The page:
140 Drop Rush

The most recent count shows that 140 companies have dropped advertising from Rush Limbaugh’s show. I can’t say if that is a lot or not. When I heard the number to be 40 or so, I thought THAT was a lot, and in fact, wondered how many advertisers a show would actually have. Now that it is 140 I realize that I have no clue what a large or small number might be.

This latest info comes from Think Progress:

ThinkProgress has obtained an internal memo from Premiere Radio Networks listing 96 national companies that have “specifically asked” their advertisments not be played during the Rush Limbaugh Show. Premiere is the distributor of Limbaugh’s program. The advertisers have also requested to be excluded from other right-wing hosts including Michael Savage, Glenn Beck and Sean Hannity. According to the memo, the listed companies’ advertisements should be excluded from these programs because they have been “deemed to be offensive.”

Good for them.

Share and Enjoy:
  • Twitter
  • StumbleUpon
  • Facebook
  • Digg
  • del.icio.us
  • Yahoo! Buzz
  • Google Bookmarks
  • LinkedIn

8 thoughts on “140 Drop Rush

  1. He probably has a modest number of companies that specifically buy ads on his show and a much larger number that buy ads on the station which might appear on any show. Those are the ones that are now asking to be kept off.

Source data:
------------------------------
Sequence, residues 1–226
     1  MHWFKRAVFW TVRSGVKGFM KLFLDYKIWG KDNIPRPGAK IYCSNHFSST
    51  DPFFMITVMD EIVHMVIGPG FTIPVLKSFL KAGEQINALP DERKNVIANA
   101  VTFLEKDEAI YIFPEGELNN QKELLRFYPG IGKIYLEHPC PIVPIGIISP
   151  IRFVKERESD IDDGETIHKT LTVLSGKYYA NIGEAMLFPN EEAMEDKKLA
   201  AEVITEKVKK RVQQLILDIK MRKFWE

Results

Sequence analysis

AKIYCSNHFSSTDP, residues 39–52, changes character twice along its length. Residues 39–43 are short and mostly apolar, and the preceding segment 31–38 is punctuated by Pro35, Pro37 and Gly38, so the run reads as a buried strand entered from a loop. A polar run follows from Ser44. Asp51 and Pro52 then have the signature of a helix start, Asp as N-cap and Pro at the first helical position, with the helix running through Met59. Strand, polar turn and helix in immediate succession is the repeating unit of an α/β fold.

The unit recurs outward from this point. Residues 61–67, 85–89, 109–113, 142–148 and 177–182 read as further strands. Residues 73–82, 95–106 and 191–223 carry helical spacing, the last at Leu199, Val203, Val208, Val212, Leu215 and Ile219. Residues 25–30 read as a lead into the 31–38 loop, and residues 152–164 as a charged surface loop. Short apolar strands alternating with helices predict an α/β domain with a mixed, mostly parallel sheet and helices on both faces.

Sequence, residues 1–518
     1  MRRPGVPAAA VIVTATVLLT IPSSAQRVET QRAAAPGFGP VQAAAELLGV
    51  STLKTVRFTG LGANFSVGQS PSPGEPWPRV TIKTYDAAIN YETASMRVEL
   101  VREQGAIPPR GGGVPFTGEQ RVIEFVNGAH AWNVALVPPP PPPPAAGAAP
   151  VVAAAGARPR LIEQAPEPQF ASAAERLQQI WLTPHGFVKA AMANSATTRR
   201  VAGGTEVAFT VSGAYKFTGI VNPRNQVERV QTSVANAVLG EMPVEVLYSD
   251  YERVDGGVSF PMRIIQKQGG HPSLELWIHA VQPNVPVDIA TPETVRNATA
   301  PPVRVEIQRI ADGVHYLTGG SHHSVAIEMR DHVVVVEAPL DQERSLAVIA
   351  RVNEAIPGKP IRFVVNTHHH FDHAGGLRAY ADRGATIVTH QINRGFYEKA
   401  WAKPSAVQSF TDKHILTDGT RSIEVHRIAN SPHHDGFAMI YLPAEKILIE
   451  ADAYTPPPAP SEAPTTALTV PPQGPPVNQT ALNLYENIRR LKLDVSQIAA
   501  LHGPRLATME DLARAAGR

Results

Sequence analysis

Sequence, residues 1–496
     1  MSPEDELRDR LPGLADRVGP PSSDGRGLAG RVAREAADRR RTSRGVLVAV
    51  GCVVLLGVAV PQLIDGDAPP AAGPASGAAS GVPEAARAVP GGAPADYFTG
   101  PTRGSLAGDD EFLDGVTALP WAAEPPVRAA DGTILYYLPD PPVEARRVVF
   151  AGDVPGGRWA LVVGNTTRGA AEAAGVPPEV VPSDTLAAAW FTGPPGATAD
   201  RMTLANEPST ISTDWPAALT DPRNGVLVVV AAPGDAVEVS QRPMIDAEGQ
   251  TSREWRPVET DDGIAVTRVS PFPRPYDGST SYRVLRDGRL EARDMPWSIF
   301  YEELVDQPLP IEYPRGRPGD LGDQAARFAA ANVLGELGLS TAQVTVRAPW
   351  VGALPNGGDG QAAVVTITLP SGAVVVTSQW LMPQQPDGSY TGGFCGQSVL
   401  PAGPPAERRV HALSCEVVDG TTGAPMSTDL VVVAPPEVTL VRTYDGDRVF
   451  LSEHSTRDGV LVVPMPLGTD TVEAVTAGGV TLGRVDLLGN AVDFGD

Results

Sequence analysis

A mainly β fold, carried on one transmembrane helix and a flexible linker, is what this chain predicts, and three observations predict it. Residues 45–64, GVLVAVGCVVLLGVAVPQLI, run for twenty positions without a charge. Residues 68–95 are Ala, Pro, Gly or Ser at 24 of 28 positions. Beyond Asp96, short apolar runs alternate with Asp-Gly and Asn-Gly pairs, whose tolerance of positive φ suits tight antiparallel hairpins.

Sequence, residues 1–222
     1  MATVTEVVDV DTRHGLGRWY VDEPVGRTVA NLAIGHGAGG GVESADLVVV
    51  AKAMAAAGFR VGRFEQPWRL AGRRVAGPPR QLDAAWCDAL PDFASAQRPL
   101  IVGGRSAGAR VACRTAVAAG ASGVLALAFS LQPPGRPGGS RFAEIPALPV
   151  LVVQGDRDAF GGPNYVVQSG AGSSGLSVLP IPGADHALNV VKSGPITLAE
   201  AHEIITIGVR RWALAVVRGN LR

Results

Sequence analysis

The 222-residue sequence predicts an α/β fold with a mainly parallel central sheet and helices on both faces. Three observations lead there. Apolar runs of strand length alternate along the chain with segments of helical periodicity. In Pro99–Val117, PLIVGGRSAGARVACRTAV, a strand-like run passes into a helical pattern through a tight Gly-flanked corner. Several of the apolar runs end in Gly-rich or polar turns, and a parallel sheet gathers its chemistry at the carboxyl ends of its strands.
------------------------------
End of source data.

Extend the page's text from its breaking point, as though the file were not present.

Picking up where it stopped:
2. ThinkProgress or TPM or Right Wing Watch or somebody had a log of all the ads on his show on WABC a few days ago, and it was virtually all unpaid PSAs, plus a little bit of dead air even — so I think this is a lot.

  3. @3 – not sure about that.

    I would guess that the number is so high because the show is syndicated, not because advertisers on other shows have ditched the station(s). I bet there are only, oh, say 2-10 advertisers (on Rush’s show) per local venue, but the show is played in a huge number of venues. Like, every large town in the U.S.

    Like Greg, I have no idea where 140 is in terms of percent of advertisers, but that’s my guess for why the count of advertisers is suprisingly large.

  4. I’d guess a significant percentage of the 140 were on the “Do Not Rush” list before the recent kerfuffle. Good for them!

  5. It’s not the number of advertisers that avoid the Rush, it’s the ones that don’t. Hopefully jamessweet #4 has the right info.

Leave a Reply

Your email address will not be published.